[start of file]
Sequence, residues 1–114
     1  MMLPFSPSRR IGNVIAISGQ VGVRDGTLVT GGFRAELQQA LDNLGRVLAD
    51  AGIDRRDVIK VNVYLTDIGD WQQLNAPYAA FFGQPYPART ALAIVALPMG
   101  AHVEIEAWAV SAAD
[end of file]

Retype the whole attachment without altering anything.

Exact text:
Sequence, residues 1–114
     1  MMLPFSPSRR IGNVIAISGQ VGVRDGTLVT GGFRAELQQA LDNLGRVLAD
    51  AGIDRRDVIK VNVYLTDIGD WQQLNAPYAA FFGQPYPART ALAIVALPMG
   101  AHVEIEAWAV SAAD